I set my coffee cup on a file cabinet and stood while my cigarette burned in my right hand.

The Washington Post likens the behavioral traits of this new species to typical parasites on display at the Meguro Museum of Parasitology (10-minute walk from Meguro Station). It reports that this new parasite is indigenous to Japan, but some small mutations have been shown cropping up in the States and Europe.

Identifying characteristics include: unmarried human (typically female, but not always), aged between 20 and 35 years, lives with parents, possesses a reasonable job and a large disposable income. The species name is "parasite single."

Generally, the samples at the museum are of parasites from all across Japan with further information on other parasites from around the world. But amongst the hundreds of animal parasites at the museum transmitted from fish or cattle or through sandbox or pool, it has yet to allot space for the parasite single.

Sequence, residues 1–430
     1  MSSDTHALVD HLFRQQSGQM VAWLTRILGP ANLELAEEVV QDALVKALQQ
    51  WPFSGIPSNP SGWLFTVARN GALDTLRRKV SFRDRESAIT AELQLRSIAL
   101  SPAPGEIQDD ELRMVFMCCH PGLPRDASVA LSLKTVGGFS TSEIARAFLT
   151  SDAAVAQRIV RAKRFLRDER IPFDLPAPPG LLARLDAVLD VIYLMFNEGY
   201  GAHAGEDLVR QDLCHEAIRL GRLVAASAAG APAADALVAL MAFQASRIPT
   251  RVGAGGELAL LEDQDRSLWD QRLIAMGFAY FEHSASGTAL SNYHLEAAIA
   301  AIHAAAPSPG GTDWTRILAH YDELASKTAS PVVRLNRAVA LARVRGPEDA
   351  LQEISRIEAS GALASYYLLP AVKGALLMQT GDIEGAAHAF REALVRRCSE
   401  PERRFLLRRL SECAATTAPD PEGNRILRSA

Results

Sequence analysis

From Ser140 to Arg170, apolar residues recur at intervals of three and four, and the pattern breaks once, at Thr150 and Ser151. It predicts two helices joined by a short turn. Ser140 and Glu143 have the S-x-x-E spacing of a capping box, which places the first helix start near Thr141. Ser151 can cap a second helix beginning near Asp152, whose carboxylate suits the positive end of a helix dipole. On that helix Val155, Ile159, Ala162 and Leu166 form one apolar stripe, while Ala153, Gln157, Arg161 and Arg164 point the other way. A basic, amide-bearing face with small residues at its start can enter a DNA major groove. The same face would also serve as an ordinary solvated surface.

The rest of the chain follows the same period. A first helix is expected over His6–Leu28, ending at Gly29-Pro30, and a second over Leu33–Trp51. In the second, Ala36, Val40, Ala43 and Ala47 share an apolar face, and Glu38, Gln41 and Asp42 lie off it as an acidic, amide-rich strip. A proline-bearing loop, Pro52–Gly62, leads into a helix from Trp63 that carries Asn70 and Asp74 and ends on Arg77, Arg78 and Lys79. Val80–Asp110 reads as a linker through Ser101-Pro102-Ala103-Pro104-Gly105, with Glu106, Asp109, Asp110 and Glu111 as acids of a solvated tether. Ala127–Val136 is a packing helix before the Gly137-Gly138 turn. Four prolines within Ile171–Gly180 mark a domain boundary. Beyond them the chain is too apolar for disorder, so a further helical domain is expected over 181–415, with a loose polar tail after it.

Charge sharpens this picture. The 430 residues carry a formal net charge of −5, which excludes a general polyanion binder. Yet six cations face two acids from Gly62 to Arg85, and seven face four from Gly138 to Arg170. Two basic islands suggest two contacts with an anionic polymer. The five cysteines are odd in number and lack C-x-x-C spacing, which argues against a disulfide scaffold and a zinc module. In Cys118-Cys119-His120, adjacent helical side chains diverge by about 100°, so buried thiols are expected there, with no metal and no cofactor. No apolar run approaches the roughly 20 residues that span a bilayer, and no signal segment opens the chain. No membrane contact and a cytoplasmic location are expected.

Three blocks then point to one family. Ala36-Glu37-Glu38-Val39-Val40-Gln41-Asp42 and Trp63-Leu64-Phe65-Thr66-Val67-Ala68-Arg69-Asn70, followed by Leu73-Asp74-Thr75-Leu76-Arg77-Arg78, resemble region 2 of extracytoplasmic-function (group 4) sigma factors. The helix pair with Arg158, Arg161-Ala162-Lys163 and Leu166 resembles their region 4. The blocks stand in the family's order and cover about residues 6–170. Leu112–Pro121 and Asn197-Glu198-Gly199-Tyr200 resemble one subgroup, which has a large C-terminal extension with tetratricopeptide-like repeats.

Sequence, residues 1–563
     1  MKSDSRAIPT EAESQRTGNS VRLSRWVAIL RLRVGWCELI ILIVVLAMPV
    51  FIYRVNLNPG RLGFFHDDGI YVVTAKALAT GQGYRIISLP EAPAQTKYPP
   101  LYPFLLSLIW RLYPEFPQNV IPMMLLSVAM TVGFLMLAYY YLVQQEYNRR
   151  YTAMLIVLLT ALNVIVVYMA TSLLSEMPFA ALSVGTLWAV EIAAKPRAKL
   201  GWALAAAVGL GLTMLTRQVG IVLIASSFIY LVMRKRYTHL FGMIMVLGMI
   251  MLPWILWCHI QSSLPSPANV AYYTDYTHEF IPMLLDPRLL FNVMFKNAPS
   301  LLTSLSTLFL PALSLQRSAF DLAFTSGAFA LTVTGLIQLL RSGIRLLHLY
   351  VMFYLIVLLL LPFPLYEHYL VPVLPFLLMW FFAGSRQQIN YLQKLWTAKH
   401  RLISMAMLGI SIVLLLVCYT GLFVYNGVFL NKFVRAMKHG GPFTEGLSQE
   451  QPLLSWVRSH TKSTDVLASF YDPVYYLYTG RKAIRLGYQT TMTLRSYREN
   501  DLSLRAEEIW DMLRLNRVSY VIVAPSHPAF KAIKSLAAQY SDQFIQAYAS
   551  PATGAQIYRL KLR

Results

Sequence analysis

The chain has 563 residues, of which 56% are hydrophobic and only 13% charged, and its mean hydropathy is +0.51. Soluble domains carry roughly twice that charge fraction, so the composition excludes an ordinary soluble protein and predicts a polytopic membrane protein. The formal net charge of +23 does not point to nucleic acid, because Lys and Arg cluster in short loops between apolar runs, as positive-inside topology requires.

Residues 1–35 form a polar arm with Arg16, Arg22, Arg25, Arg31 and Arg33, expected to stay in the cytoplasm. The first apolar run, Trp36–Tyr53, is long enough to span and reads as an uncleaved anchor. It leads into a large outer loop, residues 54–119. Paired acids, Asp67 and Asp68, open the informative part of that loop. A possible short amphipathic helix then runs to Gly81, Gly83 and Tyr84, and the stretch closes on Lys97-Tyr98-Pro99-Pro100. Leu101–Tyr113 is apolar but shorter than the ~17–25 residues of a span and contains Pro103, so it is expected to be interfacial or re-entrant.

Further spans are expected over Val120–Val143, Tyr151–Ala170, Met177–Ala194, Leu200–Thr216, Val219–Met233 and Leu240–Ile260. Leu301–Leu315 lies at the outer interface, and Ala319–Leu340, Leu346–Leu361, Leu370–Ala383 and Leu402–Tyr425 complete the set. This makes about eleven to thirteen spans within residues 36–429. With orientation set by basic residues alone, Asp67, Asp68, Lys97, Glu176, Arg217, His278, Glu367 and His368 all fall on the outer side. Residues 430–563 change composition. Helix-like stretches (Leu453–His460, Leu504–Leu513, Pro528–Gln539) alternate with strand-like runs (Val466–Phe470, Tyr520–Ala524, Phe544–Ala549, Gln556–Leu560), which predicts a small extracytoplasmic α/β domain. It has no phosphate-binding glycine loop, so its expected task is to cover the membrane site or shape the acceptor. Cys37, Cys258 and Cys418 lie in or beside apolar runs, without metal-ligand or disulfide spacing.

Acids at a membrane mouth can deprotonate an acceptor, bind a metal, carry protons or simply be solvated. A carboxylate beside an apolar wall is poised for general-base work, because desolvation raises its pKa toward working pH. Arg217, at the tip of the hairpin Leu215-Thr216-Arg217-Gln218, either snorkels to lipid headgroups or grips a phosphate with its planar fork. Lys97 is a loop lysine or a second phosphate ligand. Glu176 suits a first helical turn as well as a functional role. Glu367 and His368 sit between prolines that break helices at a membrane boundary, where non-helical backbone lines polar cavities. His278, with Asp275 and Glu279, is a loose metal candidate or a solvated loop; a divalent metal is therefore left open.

This lack of respect toward the parasite single in the scientific community is bound to change as the descriptive term has entrenched itself in the Japanese lexicon like a shistosoma japonicum might in an unsuspecting liver. But how much does an animal parasite really differ from its parasite single brethren? A tour of the museum reveals that although inhabiting very different environments both variations encounter surprisingly similar difficulties as they move through life, or small intestine. Additionally, while the prospect of hosting a parasite single is amazingly easy (though some advance planning is required considering the age restrictions), the museum shows that the process for acquiring an animal parasite to also be but a few easy steps away.